Tom O’Brien is this close to making partner at the hottest law firm in San Francisco. The corner office is as good as his, provided his newest client doesn’t foul things up. Brutus Stoddard is spoiled, craves attention, is very rich, and he drools. The fact that he’s a dog doesn’t help matters.
Brutus has inherited a multimillion-dollar estate from his late owner, and a pretty guardian named Madeline Cartwright, professional chef and the eccentric old man’s surrogate granddaughter. Tom has a hard time believing this spunky little beauty didn’t know about the fortune she was in line for - but he still finds her, and her culinary creations, irresistible.
If Tom is to get that promotion, he has to maintain the terms of the will. That means keeping both Brutus and Maddy happy. He’s trying his hardest to keep the arrangement professional but with two clients this adorable, Tom’s suddenly craving a different kind of partnership altogether…
Madeleine Cartwright didn't look at all the type of female who'd boink an old man to death for his money.
Tom O'Brien saw that the second she opened the door of her apartment. His imagination had let him down big time. How could he have got it so wrong? This woman was more girl-next-door than vamp. No silicone-enhanced breasts, skintight dresses, or big, bleached hair.
Rather, her slender shape was enveloped in a white chef's apron smeared with chocolate and she had flour streaked on her pretty, heart-shaped face. She didn't have big hair. She had, well, small hair-short and feathery and kind of mussed up. It looked natural, not out of a bottle; hair the color of marmalade.
"You must be Tom O'Brien, Walter's lawyer." Her voice was sweet and musical, not sultry and seductive. "I'm Maddy Cartwright."
She held out a hand to him in greeting. As she was wearing a blue-and-white striped oven mitt, Tom hesitated to shake it. For a moment her eyes widened in surprise at his lack of response, then she glanced down at the offending mitt, flushed, and laughed as she slid it off.
"You're early," she said with a hint of accusation that Tom thought was quite unwarranted. "I'm right in the middle of testing a new recipe for brownies."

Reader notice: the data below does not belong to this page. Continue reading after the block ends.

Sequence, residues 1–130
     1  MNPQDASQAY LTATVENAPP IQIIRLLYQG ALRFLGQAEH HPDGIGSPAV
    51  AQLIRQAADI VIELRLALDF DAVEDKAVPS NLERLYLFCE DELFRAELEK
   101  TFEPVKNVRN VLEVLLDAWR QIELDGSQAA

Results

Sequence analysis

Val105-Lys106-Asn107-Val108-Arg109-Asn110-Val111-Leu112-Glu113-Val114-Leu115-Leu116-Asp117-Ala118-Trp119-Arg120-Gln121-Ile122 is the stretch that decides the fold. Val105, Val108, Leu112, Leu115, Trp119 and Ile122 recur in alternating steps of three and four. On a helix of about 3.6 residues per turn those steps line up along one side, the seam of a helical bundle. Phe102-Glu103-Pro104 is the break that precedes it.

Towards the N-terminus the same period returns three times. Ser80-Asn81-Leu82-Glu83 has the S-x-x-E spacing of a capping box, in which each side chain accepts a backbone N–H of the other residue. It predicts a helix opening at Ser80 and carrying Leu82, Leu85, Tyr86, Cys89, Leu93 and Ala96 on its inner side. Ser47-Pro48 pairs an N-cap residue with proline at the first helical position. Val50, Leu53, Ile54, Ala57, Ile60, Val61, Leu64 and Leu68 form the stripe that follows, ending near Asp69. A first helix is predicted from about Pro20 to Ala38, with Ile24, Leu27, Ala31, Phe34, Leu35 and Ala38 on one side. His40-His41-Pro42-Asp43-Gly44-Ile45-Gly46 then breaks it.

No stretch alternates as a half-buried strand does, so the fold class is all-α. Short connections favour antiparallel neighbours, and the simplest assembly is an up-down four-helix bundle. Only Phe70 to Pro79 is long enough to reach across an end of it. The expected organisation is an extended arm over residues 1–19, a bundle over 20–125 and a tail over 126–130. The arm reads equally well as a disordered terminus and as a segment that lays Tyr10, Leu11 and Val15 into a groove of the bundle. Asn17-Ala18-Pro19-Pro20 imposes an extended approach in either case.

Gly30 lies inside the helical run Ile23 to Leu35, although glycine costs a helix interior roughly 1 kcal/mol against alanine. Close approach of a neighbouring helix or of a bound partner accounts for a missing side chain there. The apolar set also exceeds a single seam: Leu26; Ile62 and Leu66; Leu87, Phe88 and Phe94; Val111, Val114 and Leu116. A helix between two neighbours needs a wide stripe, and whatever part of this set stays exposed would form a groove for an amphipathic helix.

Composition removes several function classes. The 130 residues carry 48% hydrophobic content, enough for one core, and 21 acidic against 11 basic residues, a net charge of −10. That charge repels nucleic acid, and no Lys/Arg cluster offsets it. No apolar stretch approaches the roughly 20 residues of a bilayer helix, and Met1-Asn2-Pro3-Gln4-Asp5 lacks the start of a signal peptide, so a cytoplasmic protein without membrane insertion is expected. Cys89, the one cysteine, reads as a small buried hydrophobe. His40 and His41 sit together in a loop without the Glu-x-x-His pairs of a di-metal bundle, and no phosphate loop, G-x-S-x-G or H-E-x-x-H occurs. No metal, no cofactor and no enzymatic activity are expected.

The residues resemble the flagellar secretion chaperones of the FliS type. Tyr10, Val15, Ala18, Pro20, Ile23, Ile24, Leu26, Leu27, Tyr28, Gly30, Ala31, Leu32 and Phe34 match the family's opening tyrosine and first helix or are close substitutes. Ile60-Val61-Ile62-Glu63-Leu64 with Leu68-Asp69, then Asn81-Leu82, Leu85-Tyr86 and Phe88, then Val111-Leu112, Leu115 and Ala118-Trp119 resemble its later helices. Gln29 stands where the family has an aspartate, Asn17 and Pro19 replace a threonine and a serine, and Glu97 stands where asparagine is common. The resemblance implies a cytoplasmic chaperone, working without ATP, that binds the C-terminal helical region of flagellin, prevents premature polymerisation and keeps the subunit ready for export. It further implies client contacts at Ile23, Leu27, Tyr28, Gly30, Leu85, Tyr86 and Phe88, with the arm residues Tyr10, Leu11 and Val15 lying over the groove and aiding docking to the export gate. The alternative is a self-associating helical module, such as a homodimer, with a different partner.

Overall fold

Was she serious? Tom stared at her, speechless, still unable to reconcile the mental image he had of the sexy seductress with the reality of this engaging, fresh-faced girl talking about, of all things, chocolate dessert.
"Come on in," she continued. "I've got to get the brownies out of the oven at just the right moment or they won't be nice and gooey in the middle."
She turned and headed into her apartment. Her apron was tied in back with a pert bow; the long tails of the bow pointing to a nicely rounded rear end hugged by faded blue jeans. Despite his preconceived opinion of her, Tom couldn't help but admire the view as he followed her inside.
She stopped suddenly and turned back toward him. Caught in mid-stride, he nearly collided with her, his briefcase banging into her thigh.
For a second she braced her hand against his chest to steady herself, and he could feel her warmth through the fabric of his suit. She only came up to his shoulders-probably five-six to his six-two-and this close he noticed her eyes were green and that she smelled of lavender and chocolate.
"Sorry," he muttered, disconcerted by her closeness and his body's instant and surprising reaction to her.
"My . . . my fault," she stammered as she stepped back from him. "I . . . I stopped because I wanted to ask if . . . if you liked brownies."